It's time to hear whether Google (Nasdaq: GOOG ) can sing in Mandarin. The world's leading search engine is launching a legal digital-music downloading service in China this week, in hopes of showing up rivals such as Baidu.com (Nasdaq: BIDU ) and Sohu.com's (Nasdaq: SOHU ) Sogou, which have become havens for pirated MP3 file searches.
Google is doing this by the book. It has struck revenue-sharing deals with music labels to offer licensed digital downloads in a free, ad-supported format. The labels may not get much out of the deal, given the nascent stage of online advertising monetization in China, but it's better than nothing.
The labels have sued Baidu and Sohu before, but the courts have typically sided with the search engines. They do not host the illegal tracks, even though the third-party piracy sites do show up on MP3-specific searches. The labels did win a rare victory against Yahoo! (Nasdaq: YHOO ) in a similar case last year, so they're going after the Chinese-based companies again this year.
The challenge for Google's white-hat approach is to win over conscientious Chinese music fans. But if Google's site proves to be too ad-riddled, or the selection too lean, young Internet users will probably go right back to the readily available pirated MP3s.
What's more, Google isn't breaking new ground by taking the "do no evil" approach to succeed on China's digital-music scene. Baidu hooked up with Taiwan's Rock Music Group label last summer to launch an ad-supported music-streaming service. It also scored a similar deal with EMI. Two years ago, it teamed up with Viacom's (NYSE: VIA ) MTV to roll out video streaming.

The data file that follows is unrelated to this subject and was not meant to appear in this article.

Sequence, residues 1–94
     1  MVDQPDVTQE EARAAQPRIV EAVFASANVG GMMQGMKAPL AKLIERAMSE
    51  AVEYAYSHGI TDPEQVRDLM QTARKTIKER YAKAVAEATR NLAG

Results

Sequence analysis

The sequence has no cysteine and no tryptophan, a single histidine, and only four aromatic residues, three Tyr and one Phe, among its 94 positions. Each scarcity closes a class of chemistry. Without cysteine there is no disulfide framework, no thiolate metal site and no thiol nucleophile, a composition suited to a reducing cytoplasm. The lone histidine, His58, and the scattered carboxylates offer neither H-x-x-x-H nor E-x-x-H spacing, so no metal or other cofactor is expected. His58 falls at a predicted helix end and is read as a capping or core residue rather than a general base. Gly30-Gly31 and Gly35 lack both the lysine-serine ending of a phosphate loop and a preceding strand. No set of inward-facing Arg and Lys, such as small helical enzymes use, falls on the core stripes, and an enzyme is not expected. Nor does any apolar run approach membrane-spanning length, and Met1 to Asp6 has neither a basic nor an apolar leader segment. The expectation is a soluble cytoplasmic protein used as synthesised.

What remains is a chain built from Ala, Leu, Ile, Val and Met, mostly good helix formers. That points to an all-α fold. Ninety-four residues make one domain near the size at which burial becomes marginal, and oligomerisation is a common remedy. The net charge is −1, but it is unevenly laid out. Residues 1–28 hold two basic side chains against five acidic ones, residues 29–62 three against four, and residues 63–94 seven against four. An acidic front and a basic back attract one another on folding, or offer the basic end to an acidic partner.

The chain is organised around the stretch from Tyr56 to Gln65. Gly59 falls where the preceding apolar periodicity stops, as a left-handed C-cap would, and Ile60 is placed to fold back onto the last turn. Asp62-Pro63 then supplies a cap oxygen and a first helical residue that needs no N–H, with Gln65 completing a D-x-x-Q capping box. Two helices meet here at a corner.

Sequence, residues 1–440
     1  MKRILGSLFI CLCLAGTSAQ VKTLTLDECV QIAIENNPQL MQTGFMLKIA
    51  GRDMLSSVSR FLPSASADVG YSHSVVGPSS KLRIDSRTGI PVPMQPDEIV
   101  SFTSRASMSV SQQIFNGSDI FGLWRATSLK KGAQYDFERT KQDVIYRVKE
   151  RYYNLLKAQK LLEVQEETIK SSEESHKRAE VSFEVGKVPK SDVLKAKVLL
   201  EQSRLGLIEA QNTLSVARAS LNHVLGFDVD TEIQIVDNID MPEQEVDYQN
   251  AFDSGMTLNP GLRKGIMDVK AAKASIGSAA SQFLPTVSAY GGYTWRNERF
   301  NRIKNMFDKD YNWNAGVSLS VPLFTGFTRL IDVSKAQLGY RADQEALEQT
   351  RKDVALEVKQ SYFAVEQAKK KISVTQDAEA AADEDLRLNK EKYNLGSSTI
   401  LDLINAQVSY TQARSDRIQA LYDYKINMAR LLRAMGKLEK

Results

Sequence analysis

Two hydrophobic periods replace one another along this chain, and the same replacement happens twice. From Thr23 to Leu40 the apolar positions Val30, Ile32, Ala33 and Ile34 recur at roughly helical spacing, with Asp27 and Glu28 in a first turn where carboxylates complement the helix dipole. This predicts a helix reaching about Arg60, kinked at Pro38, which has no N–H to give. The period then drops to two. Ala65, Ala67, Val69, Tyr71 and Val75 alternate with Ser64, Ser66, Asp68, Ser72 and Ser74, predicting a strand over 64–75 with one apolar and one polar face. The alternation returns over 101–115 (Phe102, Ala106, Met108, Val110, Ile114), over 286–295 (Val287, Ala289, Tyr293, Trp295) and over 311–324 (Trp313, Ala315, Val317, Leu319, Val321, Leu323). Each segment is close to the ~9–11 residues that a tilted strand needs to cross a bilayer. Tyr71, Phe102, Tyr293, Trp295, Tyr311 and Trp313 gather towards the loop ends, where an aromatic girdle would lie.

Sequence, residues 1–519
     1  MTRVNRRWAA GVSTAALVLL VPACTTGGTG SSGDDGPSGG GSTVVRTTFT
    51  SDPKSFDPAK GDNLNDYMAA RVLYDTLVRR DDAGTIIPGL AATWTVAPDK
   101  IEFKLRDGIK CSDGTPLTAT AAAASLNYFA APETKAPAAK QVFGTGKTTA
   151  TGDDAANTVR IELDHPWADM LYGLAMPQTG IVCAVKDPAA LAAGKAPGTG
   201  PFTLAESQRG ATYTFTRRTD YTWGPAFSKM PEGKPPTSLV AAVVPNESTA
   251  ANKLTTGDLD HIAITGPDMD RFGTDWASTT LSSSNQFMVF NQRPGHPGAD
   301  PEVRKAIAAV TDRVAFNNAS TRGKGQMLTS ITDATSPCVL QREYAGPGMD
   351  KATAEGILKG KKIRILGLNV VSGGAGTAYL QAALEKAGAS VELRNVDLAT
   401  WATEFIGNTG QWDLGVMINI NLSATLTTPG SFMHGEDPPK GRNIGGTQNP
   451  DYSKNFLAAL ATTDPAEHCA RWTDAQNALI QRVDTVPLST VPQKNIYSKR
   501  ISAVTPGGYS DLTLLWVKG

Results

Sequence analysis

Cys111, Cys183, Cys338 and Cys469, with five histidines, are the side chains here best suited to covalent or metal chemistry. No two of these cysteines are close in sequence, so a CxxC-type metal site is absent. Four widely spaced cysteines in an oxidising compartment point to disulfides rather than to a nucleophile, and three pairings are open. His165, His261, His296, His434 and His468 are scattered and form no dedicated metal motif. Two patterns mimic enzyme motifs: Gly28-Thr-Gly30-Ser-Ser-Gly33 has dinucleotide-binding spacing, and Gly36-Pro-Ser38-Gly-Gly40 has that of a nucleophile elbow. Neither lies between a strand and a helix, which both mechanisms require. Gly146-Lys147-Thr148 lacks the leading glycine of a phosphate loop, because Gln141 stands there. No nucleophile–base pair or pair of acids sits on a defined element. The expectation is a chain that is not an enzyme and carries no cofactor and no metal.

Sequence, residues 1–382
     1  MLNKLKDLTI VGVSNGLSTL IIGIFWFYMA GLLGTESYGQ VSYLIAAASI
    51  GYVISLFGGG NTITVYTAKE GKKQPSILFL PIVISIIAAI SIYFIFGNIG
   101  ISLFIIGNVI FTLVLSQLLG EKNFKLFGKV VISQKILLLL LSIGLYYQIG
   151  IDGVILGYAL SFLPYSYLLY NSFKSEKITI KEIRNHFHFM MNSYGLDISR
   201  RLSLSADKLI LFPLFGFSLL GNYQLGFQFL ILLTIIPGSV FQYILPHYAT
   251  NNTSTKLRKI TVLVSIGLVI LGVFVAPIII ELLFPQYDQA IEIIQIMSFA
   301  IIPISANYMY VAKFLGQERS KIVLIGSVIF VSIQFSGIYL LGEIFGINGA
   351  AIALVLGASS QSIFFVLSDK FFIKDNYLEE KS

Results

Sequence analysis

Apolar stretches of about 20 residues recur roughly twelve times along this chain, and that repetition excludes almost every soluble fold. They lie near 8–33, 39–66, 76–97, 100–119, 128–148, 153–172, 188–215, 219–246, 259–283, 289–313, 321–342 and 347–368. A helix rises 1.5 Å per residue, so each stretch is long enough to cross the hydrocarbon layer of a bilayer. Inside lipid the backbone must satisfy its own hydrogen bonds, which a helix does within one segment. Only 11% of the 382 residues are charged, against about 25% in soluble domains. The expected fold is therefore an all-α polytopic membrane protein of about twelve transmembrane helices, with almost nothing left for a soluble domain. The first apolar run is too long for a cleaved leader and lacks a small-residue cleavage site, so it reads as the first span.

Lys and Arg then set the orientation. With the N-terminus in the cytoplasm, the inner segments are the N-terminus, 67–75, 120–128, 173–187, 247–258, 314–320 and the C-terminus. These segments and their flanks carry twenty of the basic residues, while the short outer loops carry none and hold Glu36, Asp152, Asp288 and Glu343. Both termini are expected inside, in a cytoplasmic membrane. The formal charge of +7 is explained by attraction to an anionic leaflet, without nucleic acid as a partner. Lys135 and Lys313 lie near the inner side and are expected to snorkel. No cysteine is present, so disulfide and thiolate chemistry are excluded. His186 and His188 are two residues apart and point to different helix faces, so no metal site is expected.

Bad to the Baidu
Going legit hasn't gotten in the way of Baidu's runaway success in the online space, either. Baidu remains China's leading search engine by a wide margin.
At the same time, evidence suggests that Baidu is becoming less of a source for pirated tunes. Web-tracking site Alexa.com has just 6% of Baidu's page views coming from its Chinese music search portal at mp3.baidu.com. Two years ago, Baidu was counting on its music engine to drive 15% of its overall traffic.
Has Baidu cleaned up its act so much that consumers are going elsewhere, or has China done a better job of converting file-snatching pirates into label-supporting ad consumers? Either way, Google's approach is commendable but certainly not original.
Following in America's footsteps
China may simply be following the example that we've set here in the States in recent years. Illegal downloading still runs rampant, but legal digital-music downloading services are here to stay. If someone were to tell you a decade ago that Apple (Nasdaq: AAPL ) would become the country's leading music retailer, you would have laughed hysterically.
Trends come and go. China's music labels would naturally prefer to follow Apple's lead of selling tracks and digital CDs at premium prices, but they'll settle for the more palatable gateway drug in the form of ad-supported downloads.
Even then, the job won't be easy. Even if all of the leading portals are on board with Google's approach -- from Sohu to Baidu to SINA (Nasdaq: SINA ) -- it will still be a tall order to get China's youth to pay for digital music in great numbers.
However, you have to start somewhere. In the music world, I guess you would call this an opening verse. The industry still needs to work its way up to a catchy hook.